In this work, we focus on bacterial metabolic networks to examine how novel nutrient utilization phenotypes can be acquired via the addition of new reactions to an organism’s enzyme repertoire. While not all complexity at the level of molecular systems are expected to provide a functional advantage14,15, metabolic pathways utilizing novel nutrients arguably qualify as adaptive traits. The problem of the evolution of novel metabolic pathways has two complementary aspects, relating to their origin and subsequent evolutionary establishment across multiple species. Previous works were largely concerned by how novel biochemical reactions arise first during the course of evolution16,17. In this paper, we ask how existing enzymatic reactions can assemble to form a novel metabolic pathway in an organism that already harbours a complex metabolic network. We extend and generalize an early suggestion that varying nutrient environments play a prominent role in the establishment of biosynthetic pathways16.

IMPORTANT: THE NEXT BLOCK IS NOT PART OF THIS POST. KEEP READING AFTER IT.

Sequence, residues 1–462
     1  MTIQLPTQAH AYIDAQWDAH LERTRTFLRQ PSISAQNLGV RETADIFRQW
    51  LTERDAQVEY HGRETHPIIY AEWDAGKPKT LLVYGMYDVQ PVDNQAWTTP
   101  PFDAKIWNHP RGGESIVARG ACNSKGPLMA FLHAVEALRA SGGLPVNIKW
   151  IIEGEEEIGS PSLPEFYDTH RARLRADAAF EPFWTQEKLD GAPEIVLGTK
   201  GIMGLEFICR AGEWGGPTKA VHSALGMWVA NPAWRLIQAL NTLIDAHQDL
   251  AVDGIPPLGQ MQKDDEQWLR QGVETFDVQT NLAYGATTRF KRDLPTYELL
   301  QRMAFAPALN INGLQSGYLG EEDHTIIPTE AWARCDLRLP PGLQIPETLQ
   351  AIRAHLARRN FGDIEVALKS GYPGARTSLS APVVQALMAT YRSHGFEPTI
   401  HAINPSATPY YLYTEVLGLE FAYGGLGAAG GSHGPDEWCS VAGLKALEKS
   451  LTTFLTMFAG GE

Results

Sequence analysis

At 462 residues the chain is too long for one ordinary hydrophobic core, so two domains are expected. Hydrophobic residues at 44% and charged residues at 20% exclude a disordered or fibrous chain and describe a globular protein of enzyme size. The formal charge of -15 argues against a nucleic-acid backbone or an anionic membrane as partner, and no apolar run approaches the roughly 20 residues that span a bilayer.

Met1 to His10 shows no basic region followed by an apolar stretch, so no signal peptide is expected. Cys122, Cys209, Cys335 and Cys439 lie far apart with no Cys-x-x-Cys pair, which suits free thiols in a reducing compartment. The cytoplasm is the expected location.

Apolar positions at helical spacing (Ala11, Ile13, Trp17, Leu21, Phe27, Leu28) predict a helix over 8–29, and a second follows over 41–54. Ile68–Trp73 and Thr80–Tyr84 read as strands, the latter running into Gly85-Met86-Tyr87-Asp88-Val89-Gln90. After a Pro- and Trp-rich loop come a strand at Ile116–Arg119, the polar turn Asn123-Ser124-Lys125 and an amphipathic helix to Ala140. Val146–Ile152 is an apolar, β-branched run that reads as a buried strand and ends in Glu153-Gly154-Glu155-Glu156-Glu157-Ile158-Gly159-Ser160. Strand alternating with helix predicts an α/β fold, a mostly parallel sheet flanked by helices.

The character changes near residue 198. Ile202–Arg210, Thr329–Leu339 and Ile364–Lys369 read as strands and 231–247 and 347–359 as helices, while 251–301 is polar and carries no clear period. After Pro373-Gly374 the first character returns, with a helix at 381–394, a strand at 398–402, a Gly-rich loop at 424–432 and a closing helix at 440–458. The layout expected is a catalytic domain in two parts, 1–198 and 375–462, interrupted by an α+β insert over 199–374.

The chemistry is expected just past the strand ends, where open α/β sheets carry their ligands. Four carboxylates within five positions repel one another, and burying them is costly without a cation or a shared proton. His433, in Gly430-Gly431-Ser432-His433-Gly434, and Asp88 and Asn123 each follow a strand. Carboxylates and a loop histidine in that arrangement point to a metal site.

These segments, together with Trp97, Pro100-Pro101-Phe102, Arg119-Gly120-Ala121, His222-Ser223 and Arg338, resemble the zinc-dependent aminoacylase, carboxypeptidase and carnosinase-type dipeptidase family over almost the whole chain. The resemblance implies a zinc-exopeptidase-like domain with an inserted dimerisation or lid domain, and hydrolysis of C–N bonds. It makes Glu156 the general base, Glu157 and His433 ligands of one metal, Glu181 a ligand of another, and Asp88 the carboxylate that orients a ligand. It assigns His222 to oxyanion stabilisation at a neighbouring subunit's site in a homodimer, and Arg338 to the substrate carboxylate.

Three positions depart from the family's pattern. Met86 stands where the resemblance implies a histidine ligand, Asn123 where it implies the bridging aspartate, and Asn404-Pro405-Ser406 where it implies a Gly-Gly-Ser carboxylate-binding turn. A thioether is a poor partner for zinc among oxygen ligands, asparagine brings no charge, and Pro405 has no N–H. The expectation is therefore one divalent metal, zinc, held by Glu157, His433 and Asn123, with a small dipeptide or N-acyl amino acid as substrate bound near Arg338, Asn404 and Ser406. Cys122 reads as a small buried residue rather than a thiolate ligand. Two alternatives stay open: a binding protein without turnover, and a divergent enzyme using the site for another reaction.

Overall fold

Specifically, we employ detailed simulations on a pan-genome scale to demonstrate that complex metabolic innovations can evolve via the successive acquisition of single biochemical reactions that each confers a benefit to utilize specific nutrients. Thus, temporal changes in nutrient availability or complex environments (where multiple nutrients are available) can facilitate adaptive evolution of metabolic pathways through the step-by-step expansion of metabolic niches. Gene acquisition patterns across bacterial genomes and de novo laboratory evolution of nutrient utilizations in Escherichia coli (E. coli) provide clear support for the hypothesis.


Most metabolic innovations demand only a few novel reactions